The Canoe Project

Nineteen young Yukon carvers made history by creating a 30-foot red cedar dugout canoe. Under the leadership of Tlingit Master Carver Wayne Price, the carvers went on a journey of discovery.

An island on the east side of the Yukon River became their home for the next two months as went go back on the land to learn the traditional techniques for carving a dugout canoe.

The camp started June 5th. On the first Saturday, a 13,000 pound red cedar log from Terrace B.C. was lifted onto a raft using a crane and grapple truck and floated across the river. Over the course of the next 2 days, the log was gradually winched up the bank, with the carvers pulling hard to help the mechanical winches.

The carvers’ journey included an 8-week commitment to being drug and alcohol free, participating in talking circles and sweatlodges, learning from Yukon Elders, and giving up their IPods, computer games and cell phones.

The camp ended, and the carvers paddled the canoe out on August 19th. Friends and family were singing traditional songs on shore as they arrived.

The finished dugout canoe was gifted to the Kwanlin Dun First Nation for display at the new Cultural Centre on the Whitehorse waterfront. The gifting occured on September 30th, 2009 as part of the historic groundbreaking ceremony for the Kwanlin Dun Cultural CentreThe carvers will have access to use the canoe for local and international canoe journeys in future.

Funding for the intensive project was gratefully received from several major sponsors as well as a range of Whitehorse businesses. Major sponsors include the Yukon Government (Health & Social Services and Arts Fund), the Kwanlin Dun First Nation, and the Canada Council for the Arts. Donations have also been received from Home Hardware, Council of Yukon First Nations, Ta'an Kwäch'än Council, Castle Rock Enterprises, Skookum Asphalt, the Yukon Energy Corporation, Northwestel, Teslin Tlingit Council, Super Save Propane, Superstore and other local businesses.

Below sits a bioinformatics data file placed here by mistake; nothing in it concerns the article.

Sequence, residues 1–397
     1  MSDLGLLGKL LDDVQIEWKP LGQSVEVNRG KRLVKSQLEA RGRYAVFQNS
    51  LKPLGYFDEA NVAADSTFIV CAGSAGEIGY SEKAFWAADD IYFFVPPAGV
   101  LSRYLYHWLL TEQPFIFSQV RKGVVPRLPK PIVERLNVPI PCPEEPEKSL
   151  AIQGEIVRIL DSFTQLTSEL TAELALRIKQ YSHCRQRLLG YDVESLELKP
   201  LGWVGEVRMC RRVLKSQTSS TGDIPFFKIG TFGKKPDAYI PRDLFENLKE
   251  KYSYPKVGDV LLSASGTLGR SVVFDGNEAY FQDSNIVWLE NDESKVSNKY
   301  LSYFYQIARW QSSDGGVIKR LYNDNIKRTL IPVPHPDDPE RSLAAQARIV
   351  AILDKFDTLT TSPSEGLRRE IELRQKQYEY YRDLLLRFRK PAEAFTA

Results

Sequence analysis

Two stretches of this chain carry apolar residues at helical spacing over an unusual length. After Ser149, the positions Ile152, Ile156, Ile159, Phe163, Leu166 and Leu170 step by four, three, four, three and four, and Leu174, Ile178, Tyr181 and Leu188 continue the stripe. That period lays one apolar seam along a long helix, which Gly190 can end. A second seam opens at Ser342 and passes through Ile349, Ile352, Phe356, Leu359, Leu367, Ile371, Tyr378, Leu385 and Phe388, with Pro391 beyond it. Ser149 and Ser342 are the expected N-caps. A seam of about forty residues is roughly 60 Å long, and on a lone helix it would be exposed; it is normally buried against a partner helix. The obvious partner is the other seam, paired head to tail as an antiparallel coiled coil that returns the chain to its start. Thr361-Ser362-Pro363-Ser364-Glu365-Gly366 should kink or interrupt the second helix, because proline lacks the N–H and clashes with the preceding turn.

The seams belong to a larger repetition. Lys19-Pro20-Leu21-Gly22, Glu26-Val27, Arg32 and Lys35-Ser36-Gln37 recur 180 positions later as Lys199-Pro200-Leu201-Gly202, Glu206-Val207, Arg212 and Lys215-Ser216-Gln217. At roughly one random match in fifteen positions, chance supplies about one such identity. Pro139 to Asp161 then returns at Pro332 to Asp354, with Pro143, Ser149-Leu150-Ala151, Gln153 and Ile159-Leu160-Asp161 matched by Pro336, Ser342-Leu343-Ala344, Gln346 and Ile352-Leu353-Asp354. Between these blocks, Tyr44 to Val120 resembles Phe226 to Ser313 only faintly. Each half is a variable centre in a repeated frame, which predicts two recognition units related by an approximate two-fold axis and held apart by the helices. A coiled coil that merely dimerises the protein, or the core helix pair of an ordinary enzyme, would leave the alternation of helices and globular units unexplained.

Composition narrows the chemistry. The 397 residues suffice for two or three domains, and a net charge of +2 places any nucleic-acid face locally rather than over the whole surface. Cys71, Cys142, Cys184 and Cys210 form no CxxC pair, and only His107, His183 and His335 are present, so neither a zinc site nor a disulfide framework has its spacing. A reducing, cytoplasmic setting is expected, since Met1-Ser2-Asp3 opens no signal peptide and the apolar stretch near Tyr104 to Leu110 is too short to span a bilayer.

The project was initially planned around 12 youth carvers but 19 carvers committed to the process.

1. Duran Henry
2. Justin Smith
3. Ben Gribben
4. Morgan Ayles Smith
5. Sara Villeseche
6. Jared Lutchman
7. Jared Kane
8. William Callaghan
9. Aaron Blanchard
10. Jacob Blanchard
11. Rhianna Skookum
12. Brian James Francis
13. Terrance Clark
14. Justien Wood
15. William Skookum
16. Fred Stick
17. Josh Skookum
18. Josh Lesage
19. Calvin Morberg

Camp staff:

Tlingit Master Carver Wayne Price, Haines Alaska
Tlingit storyteller and assistant carver Tim Ackerman, Haines
Cook (and musician and artist!) Lea-Ann Dorval
Coordinator/expediter Andrew Finton
Counsellor Kevin Barr

-was 36 foot red cedar log chosen by Wayne and Whitehorse artist Brian Walker in Terrace BC
- delays occurred (needed exemption on export permit to move it to Yukon)
- mud slide on Stewart Cassiar another delay
- but the log made it here!

-Allan Code, Robin Armour and others are working on a documentary about the project

Elders’ visits
Elders Paddy Jim, Emma Shorty, Matthew Tom, Martha VanHeel and Ann Henry have spent time at the camp. Other Elders are encouraged to come and share their stories and time with the youth.

Other thanks:
RC Crane, Yukon Grain Farm, Mervyn Outfitters, Carson and Bonnie Macdonald, Lex and Donna Widdis, Brian Walker and Ann Smith, Everitt Smith, Ron Brubacher, G&P Distributing, Whitehorse Beverages, Elijah Smith School, Yukon Aboriginal Sports Circle, Skills Canada, Aileen McCorkell, Bean North, Mike Bernier, Randy Merkel, Nathan Bingham and others!

PHOTO CREDITS: Robin Armour Photography

Friday, November 13, 2009

Gifting Ceremony on September 30th, 2009

Photos in this post Courtesy of Marten Berkman, Government of Yukon